By anguillian July 18, 2016 15:43



Boeing 737 Jet at Anguilla's Airport returning wedding party to Venezuela

Boeing 737 Jet at Anguilla’s Airport returning wedding party to Venezuela


Ground Crew of Lloyd's Aviation Services

Ground Crew of Lloyd’s Aviation Services

An example of how a flourishing private sector can positively impact the public sector and the development of the economy was demonstrated several days ago. That was over the past weekend when the Clayton J. Lloyd International Airport, usually quiet around this time, was a den of activity as a fleet of jet aircraft flew in and out of Anguilla with large numbers of passengers. From ground handlers to Immigration and Customs personnel, they all “literally had their hands full”, as some observers remarked.

The event was a marriage ceremony on the beach at Viceroy Anguilla where the wedding party came in from Spanish-speaking Venezuela on the South American mainland. A Boeing 737 aircraft (500 series), of Venezuelan registry, configured to accommodate 114 passengers, plus a number of executive jets, capable of accommodating many other passengers, kept the airport personnel extremely busy. It is estimated that close to 500 persons may have passed through the airport. One passenger, speaking on behalf of the others, spoke about the pleasurable time they had in Anguilla. He particularly commented on the warm hospitality they experienced and the wonderful beaches of the island. “We would love to come back again,” he stated.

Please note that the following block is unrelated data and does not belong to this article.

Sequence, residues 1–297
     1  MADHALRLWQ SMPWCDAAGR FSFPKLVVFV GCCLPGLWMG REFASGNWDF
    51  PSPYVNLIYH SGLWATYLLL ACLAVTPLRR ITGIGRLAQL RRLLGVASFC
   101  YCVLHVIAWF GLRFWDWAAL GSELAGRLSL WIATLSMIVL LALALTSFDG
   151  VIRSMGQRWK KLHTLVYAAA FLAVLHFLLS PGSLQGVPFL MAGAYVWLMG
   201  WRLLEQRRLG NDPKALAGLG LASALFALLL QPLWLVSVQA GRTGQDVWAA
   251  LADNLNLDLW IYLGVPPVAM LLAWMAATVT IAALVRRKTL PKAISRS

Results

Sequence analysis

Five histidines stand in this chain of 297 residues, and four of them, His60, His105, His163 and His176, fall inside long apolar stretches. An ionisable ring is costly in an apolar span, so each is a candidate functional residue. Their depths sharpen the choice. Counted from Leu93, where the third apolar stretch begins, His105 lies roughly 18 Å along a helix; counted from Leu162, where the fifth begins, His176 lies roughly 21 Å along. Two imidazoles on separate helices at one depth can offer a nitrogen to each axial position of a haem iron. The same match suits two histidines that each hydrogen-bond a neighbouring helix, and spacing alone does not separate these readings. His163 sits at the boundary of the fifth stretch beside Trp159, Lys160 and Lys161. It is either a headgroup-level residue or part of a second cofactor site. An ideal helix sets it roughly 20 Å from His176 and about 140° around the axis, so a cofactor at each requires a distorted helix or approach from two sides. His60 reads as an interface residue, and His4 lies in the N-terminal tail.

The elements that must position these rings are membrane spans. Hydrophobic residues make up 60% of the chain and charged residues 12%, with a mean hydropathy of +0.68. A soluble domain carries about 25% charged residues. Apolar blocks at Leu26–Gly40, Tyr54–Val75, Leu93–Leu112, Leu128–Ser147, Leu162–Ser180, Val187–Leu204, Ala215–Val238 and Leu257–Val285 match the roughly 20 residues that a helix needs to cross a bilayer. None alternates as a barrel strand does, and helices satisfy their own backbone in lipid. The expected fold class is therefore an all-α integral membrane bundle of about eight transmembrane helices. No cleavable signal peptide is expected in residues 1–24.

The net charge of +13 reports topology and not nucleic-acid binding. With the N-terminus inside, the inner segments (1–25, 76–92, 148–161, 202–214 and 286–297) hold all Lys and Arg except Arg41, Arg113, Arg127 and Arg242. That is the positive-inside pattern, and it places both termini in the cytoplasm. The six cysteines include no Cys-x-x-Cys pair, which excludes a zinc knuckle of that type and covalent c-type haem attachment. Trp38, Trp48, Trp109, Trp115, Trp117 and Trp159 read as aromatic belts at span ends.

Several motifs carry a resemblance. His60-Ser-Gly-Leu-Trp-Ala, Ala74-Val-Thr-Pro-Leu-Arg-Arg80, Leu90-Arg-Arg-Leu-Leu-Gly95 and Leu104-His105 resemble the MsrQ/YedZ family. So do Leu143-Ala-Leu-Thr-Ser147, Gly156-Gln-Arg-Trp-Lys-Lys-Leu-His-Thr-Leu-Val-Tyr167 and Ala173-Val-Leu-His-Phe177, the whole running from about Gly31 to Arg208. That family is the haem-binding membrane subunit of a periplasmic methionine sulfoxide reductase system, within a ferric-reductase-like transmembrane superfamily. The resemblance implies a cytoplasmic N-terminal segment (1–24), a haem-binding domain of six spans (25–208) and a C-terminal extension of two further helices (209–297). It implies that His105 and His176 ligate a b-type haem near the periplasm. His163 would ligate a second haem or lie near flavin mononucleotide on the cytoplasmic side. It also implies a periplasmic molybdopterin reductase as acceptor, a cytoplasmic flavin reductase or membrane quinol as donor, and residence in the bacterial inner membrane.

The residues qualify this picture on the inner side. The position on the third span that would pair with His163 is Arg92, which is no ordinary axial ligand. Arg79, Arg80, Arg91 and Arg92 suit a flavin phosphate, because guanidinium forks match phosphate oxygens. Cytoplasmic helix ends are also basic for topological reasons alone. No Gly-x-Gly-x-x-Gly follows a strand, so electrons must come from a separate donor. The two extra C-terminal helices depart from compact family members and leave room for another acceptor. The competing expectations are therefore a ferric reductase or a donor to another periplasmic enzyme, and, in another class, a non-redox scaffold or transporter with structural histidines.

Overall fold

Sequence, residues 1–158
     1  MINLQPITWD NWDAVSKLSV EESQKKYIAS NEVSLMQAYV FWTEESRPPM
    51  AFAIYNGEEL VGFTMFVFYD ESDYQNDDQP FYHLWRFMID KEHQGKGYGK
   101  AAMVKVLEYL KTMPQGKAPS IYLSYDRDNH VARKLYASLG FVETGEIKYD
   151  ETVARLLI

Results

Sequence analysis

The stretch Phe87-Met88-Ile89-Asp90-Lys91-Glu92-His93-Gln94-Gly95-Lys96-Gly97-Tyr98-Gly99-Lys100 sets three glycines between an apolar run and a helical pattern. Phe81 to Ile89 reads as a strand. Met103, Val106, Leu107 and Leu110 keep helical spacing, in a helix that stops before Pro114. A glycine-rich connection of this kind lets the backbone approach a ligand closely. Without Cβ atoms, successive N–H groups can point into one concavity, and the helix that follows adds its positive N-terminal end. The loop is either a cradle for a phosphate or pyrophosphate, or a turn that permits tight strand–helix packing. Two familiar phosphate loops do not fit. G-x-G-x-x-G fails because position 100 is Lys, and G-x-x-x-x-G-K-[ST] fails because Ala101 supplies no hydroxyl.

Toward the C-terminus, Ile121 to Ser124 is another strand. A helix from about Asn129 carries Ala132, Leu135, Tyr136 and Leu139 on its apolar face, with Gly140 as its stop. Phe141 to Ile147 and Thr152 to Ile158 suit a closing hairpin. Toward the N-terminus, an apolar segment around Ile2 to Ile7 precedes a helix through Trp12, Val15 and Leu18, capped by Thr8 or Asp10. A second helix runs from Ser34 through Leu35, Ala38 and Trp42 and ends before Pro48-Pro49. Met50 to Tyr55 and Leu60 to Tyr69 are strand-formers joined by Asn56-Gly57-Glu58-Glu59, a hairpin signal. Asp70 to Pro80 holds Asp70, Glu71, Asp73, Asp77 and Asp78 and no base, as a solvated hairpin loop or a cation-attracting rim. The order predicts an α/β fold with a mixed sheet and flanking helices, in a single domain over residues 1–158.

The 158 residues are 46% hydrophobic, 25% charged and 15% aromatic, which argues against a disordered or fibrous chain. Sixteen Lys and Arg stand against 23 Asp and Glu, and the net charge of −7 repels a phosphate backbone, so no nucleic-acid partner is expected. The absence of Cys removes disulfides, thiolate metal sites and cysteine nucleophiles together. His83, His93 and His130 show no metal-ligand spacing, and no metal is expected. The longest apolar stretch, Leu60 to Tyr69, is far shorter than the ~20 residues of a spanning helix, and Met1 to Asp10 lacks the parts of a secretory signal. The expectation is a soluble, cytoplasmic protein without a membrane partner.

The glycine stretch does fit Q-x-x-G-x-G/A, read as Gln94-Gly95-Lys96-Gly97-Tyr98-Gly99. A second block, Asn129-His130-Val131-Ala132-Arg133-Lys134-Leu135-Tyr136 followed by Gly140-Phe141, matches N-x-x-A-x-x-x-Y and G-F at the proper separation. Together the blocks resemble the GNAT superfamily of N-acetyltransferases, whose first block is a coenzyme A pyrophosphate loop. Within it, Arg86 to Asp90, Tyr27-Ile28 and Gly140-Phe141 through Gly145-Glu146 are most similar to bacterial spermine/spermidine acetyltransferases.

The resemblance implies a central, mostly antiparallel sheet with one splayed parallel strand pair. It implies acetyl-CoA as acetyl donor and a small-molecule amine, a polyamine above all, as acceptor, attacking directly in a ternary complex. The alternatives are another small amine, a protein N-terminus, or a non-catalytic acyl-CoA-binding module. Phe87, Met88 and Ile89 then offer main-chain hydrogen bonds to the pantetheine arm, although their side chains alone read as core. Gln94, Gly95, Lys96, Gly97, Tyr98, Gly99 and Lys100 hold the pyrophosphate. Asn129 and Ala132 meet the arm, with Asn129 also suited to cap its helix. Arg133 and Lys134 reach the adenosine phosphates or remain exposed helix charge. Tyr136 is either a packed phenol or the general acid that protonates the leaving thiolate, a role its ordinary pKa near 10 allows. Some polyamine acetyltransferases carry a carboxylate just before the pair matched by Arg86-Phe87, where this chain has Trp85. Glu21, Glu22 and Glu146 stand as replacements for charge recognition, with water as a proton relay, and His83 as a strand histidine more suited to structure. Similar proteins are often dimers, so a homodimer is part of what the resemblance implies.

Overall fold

Of all the visiting aircraft, the Boeing 737 was naturally the centre of attraction due to the number of passengers it accommodated. “We have had 737s in the past but they were in the corporate configuration where you would have a maximum of 20-25 passengers transported at a time,” a spokesman for Lloyd’s Aviation Services told The Anguillian. “This aircraft, however, has the configuration of a normal passenger aircraft carrying about 114 passengers.”

An obvious question, asked by a number of persons, was why other aircraft of that size couldn’t be used to provide more airlift to Anguilla on a regular basis? Lloyd’s Aviation Services spokesman answered that question in part. “It really depends on the airline’s policies,” he replied. “Not every airline is willing to take a chance with a limited runway. This aircraft, of course, can’t leave full of passengers, luggage, and fuel. If the airstrip was a bit longer, it would have been a different matter. There will be limitations with the current runway we have. From end to end its length is about 5,440 feet but when you talk about the available landing distance that is different from the actual length. That is because of certain displacements you have to miss quite a bit of the runway in order to land.”

The pilot of the aircraft said the direct flight to Anguilla from Caracas, Venezuela, took about one hour and 25 minutes. “You have a good airport runway here in Anguilla, but it is only a bit short,” he commented as he prepared for his late evening outbound flight on Sunday, July 10.

The aircraft, which had to be refuelled, left with 83 passengers and eight crew members.

By anguillian July 18, 2016 15:43


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